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Post Posted: Wed May 10, 2006 6:26 pm 
 

Re-reading some old posts, looks like BadMike doesn't care for my work.

'sall right. I don't write to please everyone; that way lies madness.


Somebody else liked DL for the 'first 3d dungeon views, 'way kewl'...

Sorry; that was my idea, in R1 Falx; Steve Sullivan did the maps, at my direction. 3d was used thereafter in many products.

  

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Post Posted: Wed May 10, 2006 6:54 pm 
 

ExTSR wrote:Re-reading some old posts, looks like BadMike doesn't care for my work.

'sall right. I don't write to please everyone; that way lies madness.


Somebody else liked DL for the 'first 3d dungeon views, 'way kewl'...

Sorry; that was my idea, in R1 Falx; Steve Sullivan did the maps, at my direction. 3d was used thereafter in many products.


Your stuff was very good!!


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Post Posted: Wed May 10, 2006 7:06 pm 
 

Blackmoor wrote:
ExTSR wrote:Re-reading some old posts, looks like BadMike doesn't care for my work.

'sall right. I don't write to please everyone; that way lies madness.


Somebody else liked DL for the 'first 3d dungeon views, 'way kewl'...

Sorry; that was my idea, in R1 Falx; Steve Sullivan did the maps, at my direction. 3d was used thereafter in many products.


Your stuff was very good!!


i quite like R1 and R2 - must get around to playing them with the group sometime.

Al


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Post Posted: Wed May 10, 2006 11:58 pm 
 

3d maps always looked good...they just weren't useful for actually playing the so-afflicted modules.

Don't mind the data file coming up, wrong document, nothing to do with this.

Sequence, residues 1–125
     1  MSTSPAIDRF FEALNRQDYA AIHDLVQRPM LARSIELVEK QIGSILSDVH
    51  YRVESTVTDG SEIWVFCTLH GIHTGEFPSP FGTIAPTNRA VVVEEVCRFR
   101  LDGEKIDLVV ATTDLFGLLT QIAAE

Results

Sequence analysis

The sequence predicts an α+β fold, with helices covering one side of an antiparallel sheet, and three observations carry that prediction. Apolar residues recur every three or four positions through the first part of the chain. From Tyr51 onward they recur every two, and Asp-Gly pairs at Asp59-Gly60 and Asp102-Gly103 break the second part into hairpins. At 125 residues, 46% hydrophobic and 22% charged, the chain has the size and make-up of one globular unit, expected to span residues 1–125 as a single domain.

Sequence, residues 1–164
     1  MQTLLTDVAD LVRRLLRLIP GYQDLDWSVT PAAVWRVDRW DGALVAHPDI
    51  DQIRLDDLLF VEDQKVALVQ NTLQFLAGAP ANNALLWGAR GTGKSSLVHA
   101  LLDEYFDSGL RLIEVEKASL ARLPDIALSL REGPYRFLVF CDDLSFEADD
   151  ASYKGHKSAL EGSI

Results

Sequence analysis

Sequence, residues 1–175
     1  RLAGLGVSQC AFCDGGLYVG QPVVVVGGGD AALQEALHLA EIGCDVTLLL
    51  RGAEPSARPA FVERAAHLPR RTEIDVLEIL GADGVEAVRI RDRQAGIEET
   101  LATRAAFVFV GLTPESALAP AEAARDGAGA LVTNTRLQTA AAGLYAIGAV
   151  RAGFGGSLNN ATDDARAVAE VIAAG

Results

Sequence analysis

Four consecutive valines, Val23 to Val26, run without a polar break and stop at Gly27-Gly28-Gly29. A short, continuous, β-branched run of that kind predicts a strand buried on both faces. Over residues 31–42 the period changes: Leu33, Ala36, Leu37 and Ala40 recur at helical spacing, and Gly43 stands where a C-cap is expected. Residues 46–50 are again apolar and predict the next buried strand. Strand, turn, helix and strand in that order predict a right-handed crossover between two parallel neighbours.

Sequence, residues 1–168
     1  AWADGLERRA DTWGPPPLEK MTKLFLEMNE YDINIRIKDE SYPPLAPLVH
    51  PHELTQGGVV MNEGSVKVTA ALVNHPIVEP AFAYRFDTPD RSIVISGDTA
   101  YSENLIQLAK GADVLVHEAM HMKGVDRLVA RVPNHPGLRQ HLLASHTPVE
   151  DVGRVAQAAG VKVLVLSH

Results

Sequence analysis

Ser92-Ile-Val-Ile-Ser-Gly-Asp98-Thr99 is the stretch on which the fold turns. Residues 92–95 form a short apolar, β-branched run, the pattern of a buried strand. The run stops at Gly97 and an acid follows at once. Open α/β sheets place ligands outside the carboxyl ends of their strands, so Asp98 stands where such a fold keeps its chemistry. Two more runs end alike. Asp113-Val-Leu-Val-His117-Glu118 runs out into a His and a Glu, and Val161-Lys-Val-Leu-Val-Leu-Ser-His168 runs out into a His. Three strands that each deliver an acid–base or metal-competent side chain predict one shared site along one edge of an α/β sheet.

The 3d fiasco of Ravenloft is probably the prime example.

Mark   8)


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Post Posted: Thu May 11, 2006 12:42 am 
 

ExTSR wrote:Re-reading some old posts, looks like BadMike doesn't care for my work.

'sall right. I don't write to please everyone; that way lies madness.


Somebody else liked DL for the 'first 3d dungeon views, 'way kewl'...

Sorry; that was my idea, in R1 Falx; Steve Sullivan did the maps, at my direction. 3d was used thereafter in many products.



Hmm, I did like to throw around an opinion in those days.  Here are some of my relevant tidbits:

The CM and IM series for basic D&D.....horribly overpowered, I could never even use the floorplans or monsters, these completely useless to me.  Even stuff like the DL series I can use, if nothing else I recycle the floorplans, whereas the above mentioned series didn't even have useful floorplans.

Forgot about WG9 and WG10.  These were pretty bad I agree.  I11 Needle seems to suffer by not having a good central idea or adventure encounter, wasn't it pretty much entirely random encounters?


Sounds like I pretty much hated everything Frank's done, but I swear that's not the case.  :o
 I confess that I was not fond of the basic game and the various rules sets (basic, expert, masters, companion and Immortals) because my group played AD&D exclusively.  Back in the day there was a lot of animosity between the "AD&D" and "Basic D&D" crowd. Interestingly I just read a very old article by Phil Gallagher today where he was also skeptical of the Immortals set until Frank ran him in an adventure (can you confirm this Frank?).  Maybe if Frank had run myself and my group through some of the IM series I would be more on board....but I just personally had no use for playing 30+ level characters, my group had never even seen a character over level 18 ever (even until this day, almost 30 years later), so the idea of playing super high level characters just held no attraction to me or my players.
  As for Needle, I still think it's interesting idea in search of a unifying plot thread. It's one of the few 1st edition adventures I never ran in the day, I just personally never warmed up to it.
  However, I did run the R-series, R2 more than once, liked that and R1. R1 had some truly great traps and encounters; R2 should just how nasty a high level Illusionist coudl be as an opponent.   T1-4 is a classic, I've run this multiple times.  Loved Aeshaba (used some of it in my own campaign world when creating a jungle kingdom).  Loved Baltron's Beacon and ran it multiple times (didn't you help write this one Frank?).  Enjoyed The Convert but never ran it.